Sharp-eyed Edie was neither as fond nor as tolerant. The sto-ries she chose to tell Allison often had a peculiar allegorical tone.
"My mother's sister," Edie would begin as she was driving Allison home from piano lessons, her eyes never leaving the road and her strong, elegant falcon's beak of a nose high in the air, "my mother's sister knew a little boy named Randall Scofield whose family was killed in a tornado. He came home from school and what do you think he saw? His house was blown to pieces and the Negroes that worked on the place had pulled the bodies of his father and his mother and his three baby brothers out of the wreck and there they all lay, bloody as could be with not even a sheet over them, stretched out breast to breast beside each other like a xylophone. One of the brothers was missing an arm and his mother had an iron doorstop embedded in her temple. Well, do you know what happened to that little boy? He was struck dumb. And he never said another word for the next seven years. My father said he used to always carry around a stack of shirt card-boards and a grease pencil wherever he went and he had to write down every single word he said to anybody. The man who ran the dry cleaner's in town gave him the shirt cardboards for free."
Edie liked to tell this story. There were variations, children who had gone temporarily blind or bitten their tongues off or lost their senses when confronted with sundry horrific sights. They had a slightly accusatory note that Allison could never quite put her finger on.
Allison spent most of her time by herself. She listened to records. She made collages of pictures cut from magazines and messy candles out of melted crayons. She drew pictures of balleri-nas and horses and baby mice in the margins of her geometry notebook. At lunch she sat at a table with a group of fairly popular girls, though she seldom saw them outside school. In surface ways she was one of them: she had good clothes, clear skin, lived in a big house on a nice street; and if she was not bright or vivacious, neither was there anything about her to dislike.
"You could be so popular if you wanted," said Edie, who missed not a trick when it came to social dynamics, even on the tenth-grade scale. "The most popular girl in your class, if you felt like trying.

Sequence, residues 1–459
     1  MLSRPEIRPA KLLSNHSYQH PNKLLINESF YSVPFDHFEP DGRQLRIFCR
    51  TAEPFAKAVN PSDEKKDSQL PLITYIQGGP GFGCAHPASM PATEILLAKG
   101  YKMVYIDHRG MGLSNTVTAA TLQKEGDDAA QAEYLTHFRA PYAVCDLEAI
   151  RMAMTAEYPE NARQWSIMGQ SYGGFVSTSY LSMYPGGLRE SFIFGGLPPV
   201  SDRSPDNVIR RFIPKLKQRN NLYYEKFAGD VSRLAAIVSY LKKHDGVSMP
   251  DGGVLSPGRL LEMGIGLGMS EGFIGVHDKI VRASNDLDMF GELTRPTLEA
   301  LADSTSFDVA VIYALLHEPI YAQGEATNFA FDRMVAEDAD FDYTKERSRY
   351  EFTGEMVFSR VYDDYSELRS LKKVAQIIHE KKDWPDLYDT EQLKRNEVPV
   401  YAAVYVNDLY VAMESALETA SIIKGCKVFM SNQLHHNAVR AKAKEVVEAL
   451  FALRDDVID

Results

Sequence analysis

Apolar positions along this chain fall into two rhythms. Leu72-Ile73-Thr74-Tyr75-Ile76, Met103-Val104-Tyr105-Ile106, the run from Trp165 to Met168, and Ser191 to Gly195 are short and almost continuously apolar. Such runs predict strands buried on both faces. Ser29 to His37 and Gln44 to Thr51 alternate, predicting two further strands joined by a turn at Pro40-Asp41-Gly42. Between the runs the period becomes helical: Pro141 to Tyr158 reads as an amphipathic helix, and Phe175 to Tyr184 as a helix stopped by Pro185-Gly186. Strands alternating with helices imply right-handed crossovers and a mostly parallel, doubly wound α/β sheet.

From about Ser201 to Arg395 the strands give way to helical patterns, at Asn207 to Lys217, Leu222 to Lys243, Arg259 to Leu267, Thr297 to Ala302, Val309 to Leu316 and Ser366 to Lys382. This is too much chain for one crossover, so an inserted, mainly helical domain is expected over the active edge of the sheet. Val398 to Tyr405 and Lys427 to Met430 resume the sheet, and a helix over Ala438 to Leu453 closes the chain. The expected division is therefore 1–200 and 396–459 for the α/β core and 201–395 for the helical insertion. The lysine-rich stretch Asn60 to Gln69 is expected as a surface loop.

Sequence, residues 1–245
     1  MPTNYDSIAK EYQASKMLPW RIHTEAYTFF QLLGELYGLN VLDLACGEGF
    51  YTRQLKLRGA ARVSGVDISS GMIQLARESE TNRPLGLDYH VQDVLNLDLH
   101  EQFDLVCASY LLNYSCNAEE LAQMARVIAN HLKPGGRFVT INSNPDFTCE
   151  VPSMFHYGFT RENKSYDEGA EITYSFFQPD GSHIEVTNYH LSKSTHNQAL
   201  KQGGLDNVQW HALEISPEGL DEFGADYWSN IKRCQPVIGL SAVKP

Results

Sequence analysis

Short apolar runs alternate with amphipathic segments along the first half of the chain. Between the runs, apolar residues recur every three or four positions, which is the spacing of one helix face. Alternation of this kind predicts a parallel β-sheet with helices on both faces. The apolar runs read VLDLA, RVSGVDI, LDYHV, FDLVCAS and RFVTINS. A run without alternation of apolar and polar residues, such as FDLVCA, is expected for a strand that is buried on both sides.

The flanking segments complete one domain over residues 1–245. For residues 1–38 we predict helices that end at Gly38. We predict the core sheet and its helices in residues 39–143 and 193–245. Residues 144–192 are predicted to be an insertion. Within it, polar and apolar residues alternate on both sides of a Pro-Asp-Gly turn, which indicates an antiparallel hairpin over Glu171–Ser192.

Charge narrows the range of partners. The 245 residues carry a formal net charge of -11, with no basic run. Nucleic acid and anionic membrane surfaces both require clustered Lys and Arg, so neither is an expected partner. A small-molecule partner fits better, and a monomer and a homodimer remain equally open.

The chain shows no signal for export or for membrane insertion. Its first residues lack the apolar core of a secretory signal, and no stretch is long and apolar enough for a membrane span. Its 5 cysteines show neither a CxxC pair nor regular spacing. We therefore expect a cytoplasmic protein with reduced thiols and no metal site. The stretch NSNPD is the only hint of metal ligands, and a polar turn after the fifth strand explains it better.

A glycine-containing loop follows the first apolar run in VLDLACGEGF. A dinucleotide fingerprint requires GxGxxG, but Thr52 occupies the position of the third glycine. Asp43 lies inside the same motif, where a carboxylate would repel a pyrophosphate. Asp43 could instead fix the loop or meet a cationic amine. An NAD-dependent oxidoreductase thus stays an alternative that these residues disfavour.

Allison didn't want to try. She didn't want kids to be mean to her, or make fun of her, but as long as nobody bothered her she was happy. And - except for Edie - nobody did bother her much. She slept a lot. She walked to school by herself. She stopped to play with dogs she saw on the way. At night she had dreams with a yellow sky and a white thing like a sheet billowing out against it, and these distressed her greatly, but she forgot all about them as soon as she woke up.
Allison spent a lot of time with her great-aunts, on the week-ends and after school. She threaded needles for them and read to them when their eyes gave out, climbed stepladders to fetch things on high dusty shelves, listened to them talk about dead schoolmates and piano recitals sixty years before. Sometimes, after school, she made candy - fudge, seafoam, divinity - for them to take to their church bazaars. She used chilled marble, a ther-mometer, meticulous as a chemist, following the recipe step by step, scraping the ingredients level in the measuring cup with a butter knife. The aunts - girlish themselves, rouged cheeks, curled hair, full of fun - pattered back and forth and out and through, delighted with the activity in the kitchen, calling each other by their childhood nicknames.
What a good little cook, the aunts all sang. How pretty you are. You're an angel to come see us. What a good girl. How pretty. How sweet.
About The Little Friend by Donna Tartt
Harriet Cleve Dufresnes was only six months old when her nine-year-old brother, Robin, was found hanging from the black-tupelo tree in the family's backyard. Twelve years later, the still-unexplained tragedy holds the Cleve-Dufresnes clan in an inescapable grip. Overcome by guilt and grief, Harriet's mother, Charlotte, has drifted into numbness, indifferent
to keeping up appearances and uninterested in her daughters—Allison, a fragile, dreamy sixteen-year-old, and the sturdy, smart seventh-grader Harriet. Dixon Dufresnes, always a disengaged husband and father, has moved from the family's home in Alexandria, Mississippi, to begin a new job and a flashy new social life in Nashville. Harriet's grandmother, Edie Cleve, and three great aunts bring a well-intentioned, if eccentric, structure and gentility to Harriet's life, and Ida Rhew, the family's housekeeper, cares for Harriet and Allison with unstinting, unacknowledged devotion.
Harriet spends her time poring over family pictures for glimpses of the fabled happy times before Robin's death, reading adventure stories and grisly accounts of real-life ill-fated adventurers and doomed civilizations, and devising daring excursions with her awed and admiring best friend, Hely. When the two decide to solve the mystery of Robin's death, their plan—a pastiche of Harriet's book-fed fantasies and misinterpreted family lore—leads them into the bizarre, dangerous world of Danny Ratliff, a childhood acquaintance of Robin's and now Harriet's prime suspect.
Donna Tartt brilliantly captures the tangle of loneliness, arrogance, inquisitiveness, and stubborn certainty that propels Harriet's quest for justice and her determination to free her family—and herself—from haunting memories and self-inflicted wounds. In telling the story of Harriet's coming of age, Tartt presents a heroine whose resourcefulness and intelligence expose her to the contradictions and paradoxes of the adult world and bring her face to face with the complexities of her own needs and desires.